Turkey, Syria earthquake: How equipped is Bangladesh to deal with such catastrophe?

A major earthquake caused havoc in Turkey and Syria. We offer our deepest condolences to those who lost their lives in this earthquake and sympathies to the injured. About 11,000 people have died in the two countries. Bangladesh is observing a national mourning today. Due to extremely cold weather in the earthquake area, the rescue operation is delayed. It can be assumed that the number of dead will increase by the time the rescue work is completed.

This earthquake is considered to be one of the deadliest earthquakes in the world in recent times. Scientists say that this catastrophic earthquake was created when the Arabian plate moved northward and pushed against the Anatolian plate. In 2003, an earthquake of magnitude 6.6 occurred near the city of Bam in Iran, killing 26,000 people.

This time large areas of Turkey and Syria have been reduced to rubble. People who are injured can be saved if they can be taken to hospital quickly after rescued out of the rubble. We call on all the countries and global humanitarian and voluntary organisations to come forward to help the people in need. Bangladesh sent a delegation of 70 members, including the rescuers, who left Dhaka for Turkey Wednesday night.

Although humans are helpless to prevent earthquake, it is possible to reduce the damage by building earthquake-resistant buildings. In the 2015 earthquake in Nepal, many houses in the capital Kathmandu collapsed. Geological experts say that areas from Sylhet to Chattogram are at great risk of earthquakes due to the presence of several plates in the region.

If an earthquake occurs at these fault lines, there is a high risk of major damage or havoc in all of Bangladesh including Dhaka. The last major earthquakes in Bangladesh occurred in 1822 and 1918 on the Madhupur fault. In 1885, an earthquake of magnitude 7.5 occurred in Manikganj near Dhaka.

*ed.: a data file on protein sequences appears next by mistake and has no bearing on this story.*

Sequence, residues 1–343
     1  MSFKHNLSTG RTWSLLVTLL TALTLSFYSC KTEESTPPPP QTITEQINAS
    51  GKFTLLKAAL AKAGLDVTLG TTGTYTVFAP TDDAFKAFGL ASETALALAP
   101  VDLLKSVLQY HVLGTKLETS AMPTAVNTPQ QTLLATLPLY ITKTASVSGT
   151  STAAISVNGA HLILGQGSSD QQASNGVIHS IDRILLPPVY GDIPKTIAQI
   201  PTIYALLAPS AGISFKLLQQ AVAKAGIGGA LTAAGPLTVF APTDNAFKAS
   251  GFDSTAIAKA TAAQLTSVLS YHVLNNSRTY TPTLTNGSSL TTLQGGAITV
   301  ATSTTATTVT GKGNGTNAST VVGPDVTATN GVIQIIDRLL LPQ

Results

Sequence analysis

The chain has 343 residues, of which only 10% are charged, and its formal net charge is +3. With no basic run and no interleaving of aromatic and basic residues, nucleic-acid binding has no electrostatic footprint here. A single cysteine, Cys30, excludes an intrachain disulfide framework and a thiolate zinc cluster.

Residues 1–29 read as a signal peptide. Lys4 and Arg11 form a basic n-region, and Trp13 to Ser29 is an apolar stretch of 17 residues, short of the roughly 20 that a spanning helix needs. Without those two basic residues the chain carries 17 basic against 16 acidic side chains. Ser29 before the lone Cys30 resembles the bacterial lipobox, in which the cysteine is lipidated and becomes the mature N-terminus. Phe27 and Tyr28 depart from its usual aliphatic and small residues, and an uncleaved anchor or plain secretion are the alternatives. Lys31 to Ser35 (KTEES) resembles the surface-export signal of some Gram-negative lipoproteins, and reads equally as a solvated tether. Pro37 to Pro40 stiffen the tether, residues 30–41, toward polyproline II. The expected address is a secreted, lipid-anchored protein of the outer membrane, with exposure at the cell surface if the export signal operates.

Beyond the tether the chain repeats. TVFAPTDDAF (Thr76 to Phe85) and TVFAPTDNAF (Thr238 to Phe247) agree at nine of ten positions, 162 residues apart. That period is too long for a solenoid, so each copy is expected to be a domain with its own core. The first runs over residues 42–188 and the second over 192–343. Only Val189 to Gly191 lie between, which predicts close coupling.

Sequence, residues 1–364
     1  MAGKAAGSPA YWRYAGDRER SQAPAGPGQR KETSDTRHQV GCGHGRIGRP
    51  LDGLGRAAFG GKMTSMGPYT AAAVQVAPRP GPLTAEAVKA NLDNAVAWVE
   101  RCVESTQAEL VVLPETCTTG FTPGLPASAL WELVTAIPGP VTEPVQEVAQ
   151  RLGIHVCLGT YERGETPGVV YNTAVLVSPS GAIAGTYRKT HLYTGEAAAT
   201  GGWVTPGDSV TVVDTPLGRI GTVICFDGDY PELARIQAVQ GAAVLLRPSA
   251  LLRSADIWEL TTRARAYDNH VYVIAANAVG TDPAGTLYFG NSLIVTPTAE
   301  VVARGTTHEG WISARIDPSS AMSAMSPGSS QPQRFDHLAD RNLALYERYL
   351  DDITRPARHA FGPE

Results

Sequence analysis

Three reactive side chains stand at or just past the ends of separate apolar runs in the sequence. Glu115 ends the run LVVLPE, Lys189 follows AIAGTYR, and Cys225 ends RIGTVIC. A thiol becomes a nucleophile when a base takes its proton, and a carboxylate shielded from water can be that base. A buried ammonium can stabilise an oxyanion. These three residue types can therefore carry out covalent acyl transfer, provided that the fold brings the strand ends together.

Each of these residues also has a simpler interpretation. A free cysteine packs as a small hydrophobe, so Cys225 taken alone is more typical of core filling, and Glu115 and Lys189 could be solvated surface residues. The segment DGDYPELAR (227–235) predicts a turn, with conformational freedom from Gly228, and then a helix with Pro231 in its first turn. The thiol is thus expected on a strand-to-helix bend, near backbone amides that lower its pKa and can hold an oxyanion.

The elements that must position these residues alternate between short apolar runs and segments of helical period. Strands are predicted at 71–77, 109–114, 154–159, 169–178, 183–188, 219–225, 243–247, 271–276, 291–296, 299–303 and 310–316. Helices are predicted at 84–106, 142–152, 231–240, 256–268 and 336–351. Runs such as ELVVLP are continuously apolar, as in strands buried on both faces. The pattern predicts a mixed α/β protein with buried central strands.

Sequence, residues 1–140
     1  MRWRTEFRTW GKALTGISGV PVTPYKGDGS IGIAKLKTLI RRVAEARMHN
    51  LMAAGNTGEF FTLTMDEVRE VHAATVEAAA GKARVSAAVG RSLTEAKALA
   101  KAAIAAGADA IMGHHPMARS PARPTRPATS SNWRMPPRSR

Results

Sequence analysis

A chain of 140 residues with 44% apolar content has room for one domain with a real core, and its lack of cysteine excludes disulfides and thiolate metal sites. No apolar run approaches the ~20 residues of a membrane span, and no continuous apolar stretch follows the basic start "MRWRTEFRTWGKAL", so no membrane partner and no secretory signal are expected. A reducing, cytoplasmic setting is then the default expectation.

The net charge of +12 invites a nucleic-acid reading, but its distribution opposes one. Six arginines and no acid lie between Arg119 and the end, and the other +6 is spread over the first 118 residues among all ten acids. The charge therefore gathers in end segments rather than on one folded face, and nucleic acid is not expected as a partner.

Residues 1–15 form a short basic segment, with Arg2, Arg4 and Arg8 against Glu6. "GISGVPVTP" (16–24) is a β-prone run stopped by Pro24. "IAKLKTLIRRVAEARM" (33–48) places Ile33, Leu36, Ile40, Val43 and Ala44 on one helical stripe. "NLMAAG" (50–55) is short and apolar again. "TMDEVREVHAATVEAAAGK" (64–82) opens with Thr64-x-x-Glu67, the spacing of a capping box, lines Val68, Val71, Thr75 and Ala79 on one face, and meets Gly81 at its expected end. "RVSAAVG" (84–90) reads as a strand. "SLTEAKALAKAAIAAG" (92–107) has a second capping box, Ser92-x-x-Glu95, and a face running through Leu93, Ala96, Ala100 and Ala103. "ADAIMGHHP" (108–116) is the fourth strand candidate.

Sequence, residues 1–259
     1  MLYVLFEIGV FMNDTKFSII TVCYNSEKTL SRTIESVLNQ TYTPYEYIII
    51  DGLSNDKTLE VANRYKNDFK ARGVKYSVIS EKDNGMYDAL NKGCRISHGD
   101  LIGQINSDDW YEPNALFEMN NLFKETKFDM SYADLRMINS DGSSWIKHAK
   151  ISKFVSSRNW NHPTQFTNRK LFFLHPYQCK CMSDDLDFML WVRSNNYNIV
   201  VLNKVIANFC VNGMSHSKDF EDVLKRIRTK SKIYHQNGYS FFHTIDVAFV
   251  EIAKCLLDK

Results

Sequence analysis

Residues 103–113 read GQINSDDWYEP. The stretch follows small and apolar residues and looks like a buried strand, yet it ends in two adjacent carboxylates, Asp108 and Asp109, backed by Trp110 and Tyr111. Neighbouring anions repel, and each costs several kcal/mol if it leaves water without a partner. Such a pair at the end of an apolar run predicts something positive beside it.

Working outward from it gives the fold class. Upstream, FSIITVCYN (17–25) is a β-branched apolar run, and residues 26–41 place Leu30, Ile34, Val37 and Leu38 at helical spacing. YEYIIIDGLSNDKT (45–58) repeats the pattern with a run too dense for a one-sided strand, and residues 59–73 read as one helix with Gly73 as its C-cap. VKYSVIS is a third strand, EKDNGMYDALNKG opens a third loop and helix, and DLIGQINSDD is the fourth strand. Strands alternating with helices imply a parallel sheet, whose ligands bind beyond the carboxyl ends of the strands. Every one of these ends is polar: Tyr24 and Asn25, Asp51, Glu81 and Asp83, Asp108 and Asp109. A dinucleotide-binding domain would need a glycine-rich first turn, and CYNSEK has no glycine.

Experts say, many multi-storied buildings have been constructed in Dhaka city by flouting building codes and land type regulations. Buildings that are built on red soil or hard soil are less risky. On the other hand, the buildings which are built on sand and soft soil, the risk of collapsing turns very high. Ironically, many buildings in Dhaka and its surrounding areas are built on swamps filled with sand and soft soil. Therefore, even a minor earthquake can cause grave catastrophe.

After the collapse of Rana Plaza, the Bangladesh University of Engineering and Technology (BUET) offered to prepare a list of how earthquake-resistant the buildings in Dhaka are. But Rajdhani Unnayan Kartripakkha (RAJUK) denied it as such a list would have identified the weakness of RAJUK alongside the risky buildings.

The Rana Plaza incident has clearly shown our inability and inefficiency in rescue work. Compared to that, Turkey's capacity to deal with earthquake crises is much stronger. Even then, human catastrophe could not be avoided there. It is not hard to predict the situation in case Bangladesh witnesses even a less powerful earthquake.